Eagle Monument

Rating: 
Round Trip Distance: 0.2 miles
Difficulty: Easy
Elevation: 6919 - 6934 feet
Cellphone: 2-5 bars
Time: 30 mins.
Trailhead: Dennis Weaver
Fee: none
Attractions: Eagle, medicine wheel, prayer rocks




The Eagle Monument is located in the Dennis Weaver Memorial Park near Ridgway, Colorado. The monument which pays tribute to Hollywood legend and local resident, at the time of his passing, Dennis Weaver is part of a 60 acre preserve that makes up the park. The park includes access to fishing along the Uncompahgre River, picnic areas and a half dozen short hiking and mountain biking trails.


To get to the park drive north on Highway 550 measuring 1.6 miles from the stoplight at Highway 550 in Ridgway. Turn left onto Riversage Drive at the signs for the Dennis Weaver Memorial Park. The parking area will be on the right, just across the river, after about a quarter mile.


The upper trails around the monument are wide with hard packed sand/gravel for a base. They should be wheelchair accessible although some assistance may be necessary at times.


As the trail enters the area there is a large boulder known as Poem Rock. The poem was written by Dennis Weaver and it is the poem that gives the monument its theme. The last line of the poem is 'Dream your eagle and fly with him'.


The park was designed and built by the Weaver family. For those that are too young to remember Dennis Weaver two of his most popular television roles included Matt Dillon's trusty deputy Chester on Gunsmoke and Deputy Marshal Sam McCloud on the NBC police drama McCloud. It is also notable, among other things, that he served as a Navy pilot in World War II.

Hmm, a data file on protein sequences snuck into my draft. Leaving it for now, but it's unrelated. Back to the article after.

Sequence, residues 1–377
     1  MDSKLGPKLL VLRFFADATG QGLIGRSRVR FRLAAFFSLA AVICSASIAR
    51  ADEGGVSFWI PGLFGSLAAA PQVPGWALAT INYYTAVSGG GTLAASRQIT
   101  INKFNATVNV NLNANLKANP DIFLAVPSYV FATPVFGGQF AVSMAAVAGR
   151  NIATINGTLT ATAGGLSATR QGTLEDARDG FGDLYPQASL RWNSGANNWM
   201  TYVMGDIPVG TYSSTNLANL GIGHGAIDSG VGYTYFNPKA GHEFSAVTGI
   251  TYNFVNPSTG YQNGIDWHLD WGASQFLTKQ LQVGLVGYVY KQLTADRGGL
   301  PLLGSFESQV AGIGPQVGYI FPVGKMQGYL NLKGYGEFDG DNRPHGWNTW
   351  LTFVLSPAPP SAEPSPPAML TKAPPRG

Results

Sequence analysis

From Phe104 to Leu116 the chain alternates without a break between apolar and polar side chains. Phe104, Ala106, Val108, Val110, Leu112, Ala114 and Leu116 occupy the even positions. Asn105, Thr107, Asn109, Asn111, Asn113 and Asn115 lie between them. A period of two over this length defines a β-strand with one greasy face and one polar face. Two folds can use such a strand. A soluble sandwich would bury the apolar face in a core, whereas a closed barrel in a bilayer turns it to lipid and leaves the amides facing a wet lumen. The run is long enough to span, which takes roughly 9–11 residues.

The trees obscure the monument itself as you continue down the pleasant trail.


Then as you come around the bend a giant eagle appears as though it is swooping down out of the sky.


The eagle hovers over the center of a large medicine wheel.


The rocks to which the eagle is attached are dry stacked with nothing but gravity to hold them in place. There are signs that warn against climbing on them.


All around the monument and on every rock of the medicine wheel are little piles, or cairns, of prayer stones. There are even some on branches of a few of the trees. The sheer number of them is quite the spectacle in itself.


A plaque mentions that the monument was donated by Gerrye and Bill Widger of Ridgway and that it is an anatomically correct bronze American Bald Eagle weighing 2800 pounds with a wingspan of 21 feet.


Visitors that are interested in fishing or a place to have a picnic can follow one of the trails that lead down to the grassy area along the waters edge.


We have only touched upon all that there is to see at the Eagle Monument. Pockets around the medicine wheel contain a garden of wild flowers and brush some of which are labeled with interpretive signs. On the day that we were there taking pictures for this post it was overcast with an occasional light rain that made it very hard to take pictures. Since we drive by the area frequently we will just have to stop again on a better day. If you would like to see it for yourself then all you have to do is 'Take a hike'.